- Writing style. The reader is likely reading the story from your perspective, so make sure your writing style and voice come through your narrative. This is your chance to invite the reader into your world and tell a story from your life, so add some personality to it.
- Supporting stories and details. While this is a memoir about your particular experience, it will be stronger if you’re able to inject stories from other people’s lives to move your narrative along.
- Storytelling elements. Your memoir needs to be an engaging, emotional experience for the reader, and the best way to create this is by incorporating the elements of storytelling. Draw on character development, the setting of the story, an exciting plot, literary elements, and more.
- Truth. Lastly, your memoir needs to be an honest reflection of your life experience. While it’s okay to highlight and draw attention to certain details, make sure your memoir is factual. This is not only important from a storytelling standpoint but from a legal position, too.
Crucial things to consider before writing your memoir:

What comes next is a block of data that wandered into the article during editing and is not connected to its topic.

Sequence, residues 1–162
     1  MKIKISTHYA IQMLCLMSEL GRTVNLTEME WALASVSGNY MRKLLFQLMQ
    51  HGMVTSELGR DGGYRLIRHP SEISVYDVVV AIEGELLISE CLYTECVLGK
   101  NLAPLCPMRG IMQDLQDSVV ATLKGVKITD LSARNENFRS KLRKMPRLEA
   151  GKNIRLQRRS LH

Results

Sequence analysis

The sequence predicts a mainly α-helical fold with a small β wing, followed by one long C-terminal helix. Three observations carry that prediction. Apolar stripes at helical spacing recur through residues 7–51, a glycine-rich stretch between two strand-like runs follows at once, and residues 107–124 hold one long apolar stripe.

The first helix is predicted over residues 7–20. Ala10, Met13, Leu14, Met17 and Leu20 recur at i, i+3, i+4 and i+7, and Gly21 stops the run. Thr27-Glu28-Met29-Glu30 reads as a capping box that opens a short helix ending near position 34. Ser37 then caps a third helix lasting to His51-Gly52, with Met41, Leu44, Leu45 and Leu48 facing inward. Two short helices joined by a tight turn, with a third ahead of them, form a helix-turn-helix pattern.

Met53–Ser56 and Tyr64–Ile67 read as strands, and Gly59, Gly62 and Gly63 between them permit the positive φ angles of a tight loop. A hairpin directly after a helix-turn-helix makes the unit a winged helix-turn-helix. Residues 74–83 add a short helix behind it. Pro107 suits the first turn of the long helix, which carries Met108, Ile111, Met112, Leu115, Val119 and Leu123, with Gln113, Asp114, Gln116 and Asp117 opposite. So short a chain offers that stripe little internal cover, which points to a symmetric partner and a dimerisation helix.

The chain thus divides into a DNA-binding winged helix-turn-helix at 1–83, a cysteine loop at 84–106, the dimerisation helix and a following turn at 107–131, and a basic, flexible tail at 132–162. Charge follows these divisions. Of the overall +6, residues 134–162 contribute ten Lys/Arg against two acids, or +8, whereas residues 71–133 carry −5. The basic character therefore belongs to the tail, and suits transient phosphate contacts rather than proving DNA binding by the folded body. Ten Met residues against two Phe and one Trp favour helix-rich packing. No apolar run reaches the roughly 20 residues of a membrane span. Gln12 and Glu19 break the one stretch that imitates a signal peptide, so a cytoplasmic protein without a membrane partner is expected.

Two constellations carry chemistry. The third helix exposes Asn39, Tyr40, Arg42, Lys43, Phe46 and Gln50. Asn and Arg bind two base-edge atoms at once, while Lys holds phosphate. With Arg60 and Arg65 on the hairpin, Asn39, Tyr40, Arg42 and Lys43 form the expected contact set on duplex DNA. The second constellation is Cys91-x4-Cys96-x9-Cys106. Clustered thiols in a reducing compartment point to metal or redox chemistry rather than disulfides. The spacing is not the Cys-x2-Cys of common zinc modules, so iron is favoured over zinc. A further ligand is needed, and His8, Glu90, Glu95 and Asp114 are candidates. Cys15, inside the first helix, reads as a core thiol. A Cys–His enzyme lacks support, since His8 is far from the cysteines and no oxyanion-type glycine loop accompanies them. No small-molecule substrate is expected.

It’s easy to get inspired by your dream to write a memoir, but before you get started, there are some cold hard truths to be mindful of.
Acknowledging the realities of memoir writing will help you manage your expectations and redefine what a successful memoir means for you.
Before you write your memoir, you should ask yourself:
What’s in it for the reader?
If you're not a celebrity, it may not be realistic for you to find instant world-wide success. Getting people interested in your memoir is more difficult than writing a “how to” book. That’s why it’s important to angle your memoir in a way that readers can benefit from.
Is this the right topic?
The subject or topic of your memoir has a big influence on how successful the book will be.
Are my writing skills up to snuff?
Storytelling is important when learning how to write a memoir. That isn’t to say that you need to be a super talented writer to publish a successful memoir, but you do have to use literary elements in your story.
Am I emotionally prepared?